Date: 20 Oct, 2022
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The Spiti Valley, a gorgeous haven resounding with peace and spirituality, is home to various Buddhist monasteries and breathtaking natural features, the most of which are unknown and hence unspoiled. The Spiti river, which bursts through steep gorges and valleys and is tucked away in Himachal Pradesh, cuts a sharp swath through the valley’s craggy topography.
Those who enjoy water sports, particularly river rafting, are highly fond of the river. Adventure sport enthusiasts can enjoy camping, paragliding, and walking in the valley’s lush, emerald nature, which is bordered by snow-capped mountains.
For those who set out to float from the visiting routes, Spiti, a less well-known neighbour of Ladakh, is a cold alpine desert. Himachal Pradesh’s powerful, fruitless Himalayas enclose Spiti’s postcard-perfect towns, where you can climb alongside Snow Leopard and Himalayan Wolf habitats.
Visit religious communities that date back more than a thousand years, experience an intriguing society and cuisine that differ from what’s left of India, and meet the kindest people who lead the harshest lives. As Rudyard Kipling famously said, this is a world within a world.
Winter in the Spiti Valley can be quite icy, both in terms of the weather and the surroundings. In the shoulder months of October to March, there are fewer tourists because nighttime lows can reach minus 10 to 30 degrees.
The sun should appear less frequently, and there should be plenty of snowfall and largely foggy weather.
The closed roads would be among the most likely difficulties you’d encounter while travelling to Spiti in the winter. When there is a lot of snow or a blizzard, the roads may be closed for several days, weeks, or even months. Even though BRO is reputed to keep the roads leading from the Spiti valley up to Kaza open, it is best to go prepared for the worst-case scenarios.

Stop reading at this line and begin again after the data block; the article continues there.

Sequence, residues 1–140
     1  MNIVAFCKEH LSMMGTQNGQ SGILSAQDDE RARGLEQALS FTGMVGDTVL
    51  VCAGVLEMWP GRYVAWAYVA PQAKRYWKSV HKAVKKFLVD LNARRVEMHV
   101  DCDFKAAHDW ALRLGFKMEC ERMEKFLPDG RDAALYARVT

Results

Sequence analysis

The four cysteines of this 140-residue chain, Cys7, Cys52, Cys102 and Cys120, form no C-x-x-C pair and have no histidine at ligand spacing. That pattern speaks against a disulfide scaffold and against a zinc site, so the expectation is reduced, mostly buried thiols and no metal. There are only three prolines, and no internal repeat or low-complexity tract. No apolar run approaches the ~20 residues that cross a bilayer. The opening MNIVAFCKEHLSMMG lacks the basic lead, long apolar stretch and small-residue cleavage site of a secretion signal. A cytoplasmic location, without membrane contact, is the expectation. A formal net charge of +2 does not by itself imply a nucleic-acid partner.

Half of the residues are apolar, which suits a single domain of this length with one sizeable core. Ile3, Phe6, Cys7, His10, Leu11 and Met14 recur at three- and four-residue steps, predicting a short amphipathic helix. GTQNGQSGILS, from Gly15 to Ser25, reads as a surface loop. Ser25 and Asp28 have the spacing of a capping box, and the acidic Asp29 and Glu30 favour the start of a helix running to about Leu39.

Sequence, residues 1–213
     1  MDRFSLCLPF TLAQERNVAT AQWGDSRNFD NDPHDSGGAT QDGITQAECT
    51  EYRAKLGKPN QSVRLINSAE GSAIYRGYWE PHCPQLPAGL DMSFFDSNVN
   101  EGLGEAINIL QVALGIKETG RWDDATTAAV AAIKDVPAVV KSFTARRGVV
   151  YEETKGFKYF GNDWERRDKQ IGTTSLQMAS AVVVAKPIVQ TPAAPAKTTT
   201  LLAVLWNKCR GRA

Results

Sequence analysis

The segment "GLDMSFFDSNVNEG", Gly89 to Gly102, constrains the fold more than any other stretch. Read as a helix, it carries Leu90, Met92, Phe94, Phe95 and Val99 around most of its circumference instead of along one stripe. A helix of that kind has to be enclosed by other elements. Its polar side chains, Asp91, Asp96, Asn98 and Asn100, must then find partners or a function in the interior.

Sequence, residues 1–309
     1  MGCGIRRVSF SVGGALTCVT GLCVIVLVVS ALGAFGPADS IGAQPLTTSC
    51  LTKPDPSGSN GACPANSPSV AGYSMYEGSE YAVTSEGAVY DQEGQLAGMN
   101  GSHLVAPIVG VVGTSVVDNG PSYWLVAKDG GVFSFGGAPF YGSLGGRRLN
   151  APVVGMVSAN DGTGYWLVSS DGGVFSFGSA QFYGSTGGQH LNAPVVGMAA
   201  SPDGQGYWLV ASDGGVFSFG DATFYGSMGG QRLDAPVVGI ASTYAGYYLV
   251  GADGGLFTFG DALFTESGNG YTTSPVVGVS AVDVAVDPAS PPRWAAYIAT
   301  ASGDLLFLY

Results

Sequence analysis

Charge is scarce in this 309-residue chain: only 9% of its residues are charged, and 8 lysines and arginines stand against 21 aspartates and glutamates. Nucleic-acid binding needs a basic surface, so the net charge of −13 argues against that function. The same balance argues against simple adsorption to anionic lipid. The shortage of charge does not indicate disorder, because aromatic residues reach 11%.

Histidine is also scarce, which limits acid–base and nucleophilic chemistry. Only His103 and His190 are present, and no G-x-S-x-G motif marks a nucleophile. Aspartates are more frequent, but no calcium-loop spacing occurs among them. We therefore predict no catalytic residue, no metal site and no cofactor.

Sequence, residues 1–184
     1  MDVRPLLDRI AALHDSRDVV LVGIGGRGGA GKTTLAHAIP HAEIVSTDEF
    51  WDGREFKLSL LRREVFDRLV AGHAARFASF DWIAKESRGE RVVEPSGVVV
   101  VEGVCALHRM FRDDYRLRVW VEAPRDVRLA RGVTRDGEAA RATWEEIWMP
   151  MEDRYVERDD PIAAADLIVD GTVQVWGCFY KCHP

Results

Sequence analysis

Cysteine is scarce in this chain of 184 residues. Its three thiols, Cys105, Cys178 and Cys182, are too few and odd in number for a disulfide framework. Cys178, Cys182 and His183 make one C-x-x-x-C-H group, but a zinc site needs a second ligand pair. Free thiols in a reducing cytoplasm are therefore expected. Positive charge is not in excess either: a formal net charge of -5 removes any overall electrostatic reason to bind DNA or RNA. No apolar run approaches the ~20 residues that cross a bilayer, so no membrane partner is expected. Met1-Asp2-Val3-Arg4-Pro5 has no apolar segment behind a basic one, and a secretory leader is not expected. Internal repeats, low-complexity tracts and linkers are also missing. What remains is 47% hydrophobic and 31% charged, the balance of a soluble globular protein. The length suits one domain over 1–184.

The lack of mobile signals and electricity are two other issues that are frequently encountered in Spiti throughout the winter. PS: Connections to MTNL and BSNL may occasionally offer a glimmer of hope.
There’s a possibility that ATMs won’t work, for the most part. Therefore, be sure to carry enough cash with you to go by for even a month if you become trapped for whatever reason and there is no way to get home.
Particularly in December and January, Spiti is renowned for its subzero wintertime temperatures. You’d undoubtedly feel shivers go down your spine in higher locations, like Nako. You feel tremblings in addition to the extremely low temperatures.
Since the majority of the hotels and dining establishments in the Spiti valley would be closed during the winter, there would be very few options for lodging there. Don’t anticipate even the most basic amenities, like bottled water, when travelling. Local homestays, if any, would be the ideal place to stay.
At this time of year, most of the valley would be closed. You won’t be able to get immediate medical assistance due to limited or nonexistent electricity and road restrictions. The closest assistance you can imagine is probably in Shimla.
Make sure you have adequate cash on you at all times. Finding a functioning ATM would be impossible if you were to become stranded in a remote village without electricity or access to transportation.
Have you ever experienced predictable weather? I don’t believe so. Nevertheless, it is always preferable to pay close attention to weather reports and be well-prepared. Make sure you have the appropriate gear for your winter vacation to Spiti as well.
Wintertime would mean less frequent availability of public transportation. Therefore, it is not advised to go around Spiti using public transportation (buses/shared taxis) unless you have a month or two to spare.
Do you have the driving skills necessary to navigate the snow-covered mountain passes in a car or bicycle, to be specific? Go on if you said “yes,” but if not, attempt to join an expert group. Make sure to stop frequently to acclimate yourself to the climate, regardless of the method of transportation you use.